According China state media, Zhenghua’s high-profile sentencing is part of a “sweeping anti-graft campaign which is coming three weeks before a key political meeting where President Xi Jinping is expected to secure an unprecedented third term.”

During the sentencing, the Intermediate People’s Court judge said the former Minister had abused his power while in a range of senior positions from 2005 to 2021.

“He is deprived of political rights for life and all personal property should be confiscated,” the judge said.

State prosecutors were able to establish that the 67-year-old Zhenghua had accepted bribes worth over 117 million yuan ($16.5 million) during a 16 year period he served in different capacities.

The State media reports that between 2014 and 2015, when he was head of the Beijing Public Security Bureau, Zhenghua hid evidence of suspected crimes committed by his brother, Fu Weihua, and failed to handle the case in accordance with the law.

“During his tenure as Beijing’s top cop, Fu is thought to have led the corruption investigation into Zhou Yongkang, the former security chief who was jailed in 2015 in one of the anti-graft campaign’s most high-profile cases.:

Zhenghua was a member of the Central Political and Legal Affairs Commission and the Minister of Justice before entering semi-retirement in May 2020.

He had also served as the Deputy Director of the Social and Legal Affairs Committee on the Standing Committee of the Chinese People’s Political Consultative Conference (CPPCC) when anti-graft authorities launched an investigation into his dealings last October.

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Musings From Abroad

Russia/Ukraine War: Putin threatens to use nuclear weapons, mobilises 300,000 reservist soldiers

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Russian president, Vladimir Putin, has threatened to use nuclear weapons and mobilize 300,000 reservists soldiers amidst the ongoing war with Ukraine.

Putin in a pre-recorded video announced that he was calling up reserve soldiers to help in Russia’s war against Ukraine.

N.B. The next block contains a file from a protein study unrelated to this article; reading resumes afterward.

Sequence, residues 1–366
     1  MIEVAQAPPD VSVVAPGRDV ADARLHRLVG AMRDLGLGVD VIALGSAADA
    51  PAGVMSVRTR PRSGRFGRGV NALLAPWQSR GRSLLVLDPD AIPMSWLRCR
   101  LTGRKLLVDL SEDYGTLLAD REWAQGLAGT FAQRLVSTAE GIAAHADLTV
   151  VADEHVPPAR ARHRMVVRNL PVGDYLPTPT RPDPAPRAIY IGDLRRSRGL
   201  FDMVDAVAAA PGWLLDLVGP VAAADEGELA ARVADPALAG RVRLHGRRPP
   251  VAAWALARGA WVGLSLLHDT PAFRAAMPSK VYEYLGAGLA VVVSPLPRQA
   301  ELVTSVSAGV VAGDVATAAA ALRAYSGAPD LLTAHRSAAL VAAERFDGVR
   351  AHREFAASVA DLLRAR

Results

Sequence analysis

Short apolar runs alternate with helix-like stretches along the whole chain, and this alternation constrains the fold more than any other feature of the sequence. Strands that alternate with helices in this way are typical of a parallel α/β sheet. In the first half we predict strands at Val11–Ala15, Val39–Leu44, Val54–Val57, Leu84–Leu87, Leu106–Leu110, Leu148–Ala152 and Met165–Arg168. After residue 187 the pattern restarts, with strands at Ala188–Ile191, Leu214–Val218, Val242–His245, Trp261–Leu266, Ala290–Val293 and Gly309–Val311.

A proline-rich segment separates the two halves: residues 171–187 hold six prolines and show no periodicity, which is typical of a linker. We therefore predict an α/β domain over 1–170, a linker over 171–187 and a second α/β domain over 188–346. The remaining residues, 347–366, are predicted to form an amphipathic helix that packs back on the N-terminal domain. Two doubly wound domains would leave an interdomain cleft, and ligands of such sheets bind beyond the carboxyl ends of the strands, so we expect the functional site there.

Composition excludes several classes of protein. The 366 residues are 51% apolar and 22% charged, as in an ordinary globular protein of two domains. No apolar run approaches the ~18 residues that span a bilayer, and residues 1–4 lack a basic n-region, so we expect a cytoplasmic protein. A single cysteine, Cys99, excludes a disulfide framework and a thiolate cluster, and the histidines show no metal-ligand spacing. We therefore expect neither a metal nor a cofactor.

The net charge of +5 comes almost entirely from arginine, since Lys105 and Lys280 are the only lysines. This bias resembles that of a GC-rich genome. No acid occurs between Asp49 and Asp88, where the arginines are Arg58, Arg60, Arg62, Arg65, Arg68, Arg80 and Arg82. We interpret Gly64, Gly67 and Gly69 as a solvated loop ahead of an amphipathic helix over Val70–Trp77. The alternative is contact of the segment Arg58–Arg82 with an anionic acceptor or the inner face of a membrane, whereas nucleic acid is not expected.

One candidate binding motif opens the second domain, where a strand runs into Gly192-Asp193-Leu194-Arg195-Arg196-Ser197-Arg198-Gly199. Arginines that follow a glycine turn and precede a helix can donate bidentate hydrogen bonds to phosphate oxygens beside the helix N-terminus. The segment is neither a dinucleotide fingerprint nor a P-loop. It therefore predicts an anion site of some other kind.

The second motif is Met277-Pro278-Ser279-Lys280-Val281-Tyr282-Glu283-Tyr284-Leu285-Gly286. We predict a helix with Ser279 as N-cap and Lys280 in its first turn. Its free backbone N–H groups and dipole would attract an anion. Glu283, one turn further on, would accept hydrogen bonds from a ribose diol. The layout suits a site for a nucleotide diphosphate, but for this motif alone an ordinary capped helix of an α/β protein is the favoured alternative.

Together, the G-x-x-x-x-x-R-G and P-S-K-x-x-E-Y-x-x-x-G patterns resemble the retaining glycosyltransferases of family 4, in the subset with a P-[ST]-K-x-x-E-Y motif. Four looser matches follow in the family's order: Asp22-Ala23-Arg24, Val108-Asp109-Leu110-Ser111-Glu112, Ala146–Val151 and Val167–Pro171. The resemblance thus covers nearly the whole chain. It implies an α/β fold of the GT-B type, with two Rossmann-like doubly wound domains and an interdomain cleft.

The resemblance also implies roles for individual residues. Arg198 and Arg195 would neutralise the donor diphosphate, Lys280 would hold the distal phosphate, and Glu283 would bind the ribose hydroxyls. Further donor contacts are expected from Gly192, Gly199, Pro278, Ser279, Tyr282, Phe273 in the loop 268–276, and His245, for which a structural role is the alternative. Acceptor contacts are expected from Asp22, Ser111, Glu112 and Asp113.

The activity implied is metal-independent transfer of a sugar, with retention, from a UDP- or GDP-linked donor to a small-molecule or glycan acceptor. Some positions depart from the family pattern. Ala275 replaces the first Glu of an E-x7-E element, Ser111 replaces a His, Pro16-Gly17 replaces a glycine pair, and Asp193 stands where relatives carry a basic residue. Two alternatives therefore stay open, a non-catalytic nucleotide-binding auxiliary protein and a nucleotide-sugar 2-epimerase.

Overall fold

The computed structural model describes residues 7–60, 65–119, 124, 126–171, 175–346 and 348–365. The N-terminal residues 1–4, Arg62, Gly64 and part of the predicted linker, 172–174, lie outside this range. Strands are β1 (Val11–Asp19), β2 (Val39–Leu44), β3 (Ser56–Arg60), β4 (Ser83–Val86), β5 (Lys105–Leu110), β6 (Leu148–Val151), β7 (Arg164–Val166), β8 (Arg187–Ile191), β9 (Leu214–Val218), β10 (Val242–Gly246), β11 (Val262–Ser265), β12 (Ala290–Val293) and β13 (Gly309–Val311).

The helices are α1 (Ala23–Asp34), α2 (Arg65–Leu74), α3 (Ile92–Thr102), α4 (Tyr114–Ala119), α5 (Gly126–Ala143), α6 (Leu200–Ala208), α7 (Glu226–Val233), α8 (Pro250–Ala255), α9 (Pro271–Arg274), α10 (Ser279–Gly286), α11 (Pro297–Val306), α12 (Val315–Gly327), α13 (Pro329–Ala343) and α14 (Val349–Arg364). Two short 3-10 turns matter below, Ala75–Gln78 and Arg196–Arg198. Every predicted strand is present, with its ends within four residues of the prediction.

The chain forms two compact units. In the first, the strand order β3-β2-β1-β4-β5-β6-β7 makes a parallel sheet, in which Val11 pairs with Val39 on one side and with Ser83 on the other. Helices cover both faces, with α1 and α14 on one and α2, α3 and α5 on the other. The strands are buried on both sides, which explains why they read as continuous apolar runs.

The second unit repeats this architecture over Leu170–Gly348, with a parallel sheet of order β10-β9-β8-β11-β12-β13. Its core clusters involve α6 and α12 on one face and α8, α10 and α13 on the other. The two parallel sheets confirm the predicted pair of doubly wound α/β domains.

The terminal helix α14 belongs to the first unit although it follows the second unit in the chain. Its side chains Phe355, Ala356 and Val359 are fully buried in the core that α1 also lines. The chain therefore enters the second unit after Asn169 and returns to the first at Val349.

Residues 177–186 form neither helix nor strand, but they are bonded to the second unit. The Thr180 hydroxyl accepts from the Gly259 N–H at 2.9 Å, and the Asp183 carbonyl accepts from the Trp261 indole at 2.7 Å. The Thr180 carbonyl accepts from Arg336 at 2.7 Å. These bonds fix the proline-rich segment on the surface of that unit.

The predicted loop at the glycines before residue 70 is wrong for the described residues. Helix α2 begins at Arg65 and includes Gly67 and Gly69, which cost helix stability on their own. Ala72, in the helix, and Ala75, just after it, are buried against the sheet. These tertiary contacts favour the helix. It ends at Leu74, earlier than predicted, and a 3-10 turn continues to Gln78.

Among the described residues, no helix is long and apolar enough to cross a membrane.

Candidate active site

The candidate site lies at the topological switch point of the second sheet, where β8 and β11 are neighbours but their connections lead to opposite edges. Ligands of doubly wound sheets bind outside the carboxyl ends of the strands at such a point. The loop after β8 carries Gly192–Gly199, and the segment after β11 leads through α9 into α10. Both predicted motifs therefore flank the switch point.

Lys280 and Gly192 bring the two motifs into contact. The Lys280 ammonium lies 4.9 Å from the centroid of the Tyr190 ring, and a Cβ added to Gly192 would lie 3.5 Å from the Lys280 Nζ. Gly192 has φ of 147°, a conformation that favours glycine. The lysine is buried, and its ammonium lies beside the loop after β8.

He however deferred implementing a nationwide conscription drive for the time being. Reservists with training and experience would be called to join up first, he continued.

Speaking on NATO nuclear threats against Russia and claiming to be at war with the West, which is trying to “weaken, divide and destroy” Russia, Putin boasted of Moscow’s superior nuclear weapons.“To defend Russia and our people, we doubtlessly will use all resources at our disposal,” Putin said.

“This is not a bluff,” he added

Meanwhile, also in the video, Russian Defense Minister Sergei Shoigu revealed that 300,000 additional soldiers will be mobilized.

He added that Russia had 25 million men with military experience, saying that the current partial mobilization only covers about 1 percent of that number.

“We are not just fighting with Ukraine, but with the collective West,” Shoigu said. He added that 5,937 Russians had been killed in the war so far. This number is vastly below the country’s estimated losses, and the Ukrainians say they have “eliminated” more than 50,000 Russian personnel. Shoigu claimed that the Russians had killed 61,207 Ukrainian soldiers and wounded 49,368.

In February, Russia invaded Ukraine in a major escalation of the Russo-Ukrainian War that began in 2014. The invasion caused Europe’s largest refugee crisis since World War II with around 7.3 million Ukrainians fleeing the country and a third of the population displaced. It has also caused global food shortages.